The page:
Custom Light-duty Pipe Fittings



About: I love reading about other people's projects more than making my own; they inspire me to sally forth make a few of my ideas real! I love experimenting though, playing around with new materials and techniques...

Today I'd like to show you an interesting idea I had while tackling an issue with another project (not published): custom pipe fittings made from polymer clay.
Polymer clay is a type of modeling clay that hardens when baked. It typically uses PVC plastic particles suspended in a plasticizer. It's water proof, weather resistant, and quite hard like PVC. It also doesn't droop/deform during heating, meaning that little to no support is needed while hardening.
These properties inspired me to test the feasibility of using it to make pipe fittings for strange connections.
Now, onto the instructions!

Step 1: Tools & Materials

1. Polymer clay (I used the Premo Sculpey brand).
2. Corn starch, talcum powder, etc. (Trust me, it makes things much easier).
3. The piping you want to make a fitting for.
4. Whatever you want to connect the pipe to. (In my case, small check valves)

1. A drinking straw.
2. A kabob skewer.
3. An oven safe pan to bake the clay.
4. An ink pen (or any long narrow cylinder, really).

1. Glue, if you intend to permanently attach the fitting.
2. Heat resistant supports: it's not required for most things, as long the the clay is thick enough. Thin, or complex parts could benefit from these.
3. A set of clay working tools: the "tools" I listed above will work, but a real clay tool set would be easier and more reliable.
4. Parchment paper: powders work fine for getting the mold to release, but these do sink into the clay's surface. This can potentially alter the clay's properties.
5. Polymer clay glazes: these can be used to create different finishes and fill imperfections in the surface of the clay. I didn't use any, but they do have useful applications.
6. A seperate oven for baking the clay: Most polymer clays aren't harmful as long as you DON'T OVER BAKE THEM. While still relatively safe, burned polymer clay can release compounds that can linger in an oven. A small toaster oven might be a wise investment.

Step 2: Preparing the Clay

Polymer clay starts out rigid and brittle; it requires kneading (called conditioning) before it can be shaped.
Now that our clay is conditioned we start by rolling it into a sphere. Next, we gently press the top and bottom of the sphere flat, while also smoothing the side; basically we should have a thick, wide disc. Finally, we use our ink pen to press matching grooves into each side of the top, leaving a raised middle part.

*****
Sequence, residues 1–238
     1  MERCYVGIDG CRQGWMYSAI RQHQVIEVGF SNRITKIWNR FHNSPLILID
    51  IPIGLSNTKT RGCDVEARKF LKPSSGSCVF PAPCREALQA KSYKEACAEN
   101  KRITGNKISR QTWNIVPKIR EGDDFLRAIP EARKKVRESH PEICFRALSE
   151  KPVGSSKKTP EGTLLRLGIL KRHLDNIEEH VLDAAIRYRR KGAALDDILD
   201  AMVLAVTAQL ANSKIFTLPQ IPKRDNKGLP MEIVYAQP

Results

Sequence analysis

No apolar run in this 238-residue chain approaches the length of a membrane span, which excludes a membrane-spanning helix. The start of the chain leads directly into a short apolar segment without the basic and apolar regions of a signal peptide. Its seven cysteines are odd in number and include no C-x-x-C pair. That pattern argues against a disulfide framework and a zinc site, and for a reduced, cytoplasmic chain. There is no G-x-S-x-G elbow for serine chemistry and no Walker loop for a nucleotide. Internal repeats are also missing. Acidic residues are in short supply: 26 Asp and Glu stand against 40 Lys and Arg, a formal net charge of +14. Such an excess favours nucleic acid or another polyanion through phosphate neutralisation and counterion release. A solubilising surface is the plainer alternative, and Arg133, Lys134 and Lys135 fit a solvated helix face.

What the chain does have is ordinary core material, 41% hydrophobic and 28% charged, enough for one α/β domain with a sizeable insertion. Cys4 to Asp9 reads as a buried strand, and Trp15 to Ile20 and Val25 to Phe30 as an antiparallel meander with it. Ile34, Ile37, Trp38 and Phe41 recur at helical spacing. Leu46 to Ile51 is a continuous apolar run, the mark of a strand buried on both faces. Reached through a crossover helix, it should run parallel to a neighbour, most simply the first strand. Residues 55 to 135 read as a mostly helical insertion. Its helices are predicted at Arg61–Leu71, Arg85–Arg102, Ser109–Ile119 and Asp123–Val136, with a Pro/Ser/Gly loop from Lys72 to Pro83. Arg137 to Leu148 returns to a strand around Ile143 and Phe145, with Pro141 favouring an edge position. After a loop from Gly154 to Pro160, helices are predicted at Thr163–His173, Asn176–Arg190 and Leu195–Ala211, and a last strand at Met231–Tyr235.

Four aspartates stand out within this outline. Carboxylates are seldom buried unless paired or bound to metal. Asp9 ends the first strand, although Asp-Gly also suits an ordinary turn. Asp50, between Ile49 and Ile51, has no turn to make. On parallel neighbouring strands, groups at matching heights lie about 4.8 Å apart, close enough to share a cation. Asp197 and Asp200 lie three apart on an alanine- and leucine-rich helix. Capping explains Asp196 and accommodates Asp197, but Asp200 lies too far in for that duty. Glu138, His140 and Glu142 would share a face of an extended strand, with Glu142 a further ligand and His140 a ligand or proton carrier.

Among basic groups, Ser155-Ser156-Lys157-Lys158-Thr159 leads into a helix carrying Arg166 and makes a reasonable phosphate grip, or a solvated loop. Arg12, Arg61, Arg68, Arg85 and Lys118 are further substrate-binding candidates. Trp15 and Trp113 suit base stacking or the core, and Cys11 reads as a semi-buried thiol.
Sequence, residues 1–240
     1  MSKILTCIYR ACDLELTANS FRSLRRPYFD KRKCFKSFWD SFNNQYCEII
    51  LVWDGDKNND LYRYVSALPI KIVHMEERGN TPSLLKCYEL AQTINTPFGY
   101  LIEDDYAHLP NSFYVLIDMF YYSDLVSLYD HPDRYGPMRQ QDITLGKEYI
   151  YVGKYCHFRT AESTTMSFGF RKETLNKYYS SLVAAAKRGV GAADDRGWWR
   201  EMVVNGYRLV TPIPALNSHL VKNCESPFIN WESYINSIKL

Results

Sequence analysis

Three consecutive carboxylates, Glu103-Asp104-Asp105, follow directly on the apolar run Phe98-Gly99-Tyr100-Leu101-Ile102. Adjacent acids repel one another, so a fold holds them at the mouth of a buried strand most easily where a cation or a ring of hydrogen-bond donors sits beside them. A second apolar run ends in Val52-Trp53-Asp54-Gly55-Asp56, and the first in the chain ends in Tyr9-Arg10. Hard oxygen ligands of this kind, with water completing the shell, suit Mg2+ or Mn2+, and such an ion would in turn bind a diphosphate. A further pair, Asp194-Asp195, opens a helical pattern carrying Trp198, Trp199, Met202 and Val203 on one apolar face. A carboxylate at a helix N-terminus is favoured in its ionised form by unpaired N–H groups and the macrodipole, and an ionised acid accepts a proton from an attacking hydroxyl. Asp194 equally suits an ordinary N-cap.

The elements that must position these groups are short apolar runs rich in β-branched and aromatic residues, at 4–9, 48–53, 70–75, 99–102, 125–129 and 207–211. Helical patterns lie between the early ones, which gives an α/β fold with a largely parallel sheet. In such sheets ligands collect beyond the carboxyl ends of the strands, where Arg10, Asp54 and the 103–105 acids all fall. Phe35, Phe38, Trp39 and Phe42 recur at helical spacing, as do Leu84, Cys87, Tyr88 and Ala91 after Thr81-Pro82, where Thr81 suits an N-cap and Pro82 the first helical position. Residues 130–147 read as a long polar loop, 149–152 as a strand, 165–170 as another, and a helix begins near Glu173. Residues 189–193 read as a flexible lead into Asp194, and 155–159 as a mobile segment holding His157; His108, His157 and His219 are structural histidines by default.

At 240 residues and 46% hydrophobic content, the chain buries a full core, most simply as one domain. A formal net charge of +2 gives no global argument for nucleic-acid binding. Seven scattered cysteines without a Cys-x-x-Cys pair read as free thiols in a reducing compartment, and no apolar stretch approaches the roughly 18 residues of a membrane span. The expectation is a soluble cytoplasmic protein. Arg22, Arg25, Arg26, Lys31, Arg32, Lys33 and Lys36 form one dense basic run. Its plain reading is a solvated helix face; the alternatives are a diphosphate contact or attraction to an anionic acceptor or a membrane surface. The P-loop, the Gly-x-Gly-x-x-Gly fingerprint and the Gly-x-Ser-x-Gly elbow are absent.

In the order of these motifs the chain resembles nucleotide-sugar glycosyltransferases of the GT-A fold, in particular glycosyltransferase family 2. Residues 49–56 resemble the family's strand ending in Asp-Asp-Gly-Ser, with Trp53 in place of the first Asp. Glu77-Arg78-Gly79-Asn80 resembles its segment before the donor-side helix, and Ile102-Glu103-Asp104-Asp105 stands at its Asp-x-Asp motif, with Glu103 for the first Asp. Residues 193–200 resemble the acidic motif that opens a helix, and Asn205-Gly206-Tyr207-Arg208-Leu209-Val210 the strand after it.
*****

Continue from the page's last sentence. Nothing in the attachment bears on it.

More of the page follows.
Note: the last part isn't necessary, but it uses less clay than other shapes.

Step 3: Shaping the Details

Begin by cutting a hole straight through the part on top, using a drinking straw. Then use the straw to expand the holes on either side by gently rotating the end of the straw in a small circle inside the clay, pushing the clay outward into a larger circle; do the same on both sides if necessary. Test fit your parts, carefully pressing the clay around them for a tight fit.
Now with the parts still in the clay (to maintain shape), place the bottom of the clay against the open end of the pipe.
Gently smooth the clay down the sides, being careful to keep the thickness roughly even all the way around. Smooth over any cracks or creaves in the clay, as these will be point if weakness after baking if you don't. Carefully remove the pipe from the clay, being cautious about not warping the opening (if the clay is nice and thick, this is only a minor issue).
Now we make our final cut with the straw, pushing into the center of our pipe connection side so that we intersect with the hole leading to the other connections. If the clay doesn't neatly come out of the hole use a kabob skewer to prod the left over clay out of the way.
Note: You may need to apply talcum powder (or corn starch) to the pipe and other parts before they are inserted into the clay to insure they slide back out easily.

Step 4: Baking the Clay

This brand recommends baking at 270 degrees fahrenheit (132.222 degrees celsius). The length of time is based on the thickest part; 15 minutes for every 1/8 inch (3.175mm) of thickness. So since the center of my fitting was about 1/4 inch thick vertically, I baked it for 30 minutes. Once baked allow the clay to cool down on the baking pan. Moving it before it has cooled sufficiently may damage the clay (it could still be setting).
Once completely cooled it's ready for use; attach your pipe and other connections, and off you go!

Step 5: Conclusion

I hope you found this instructable interesting and useful. As you can probably tell I've only just started experimenting with this technique and as such it's a little rough. I'm confident that with some refinement and better methodology this will prove to be extremely useful in future endeavors.
Thanks for reading, and if you have any feedback I'd love to see it!



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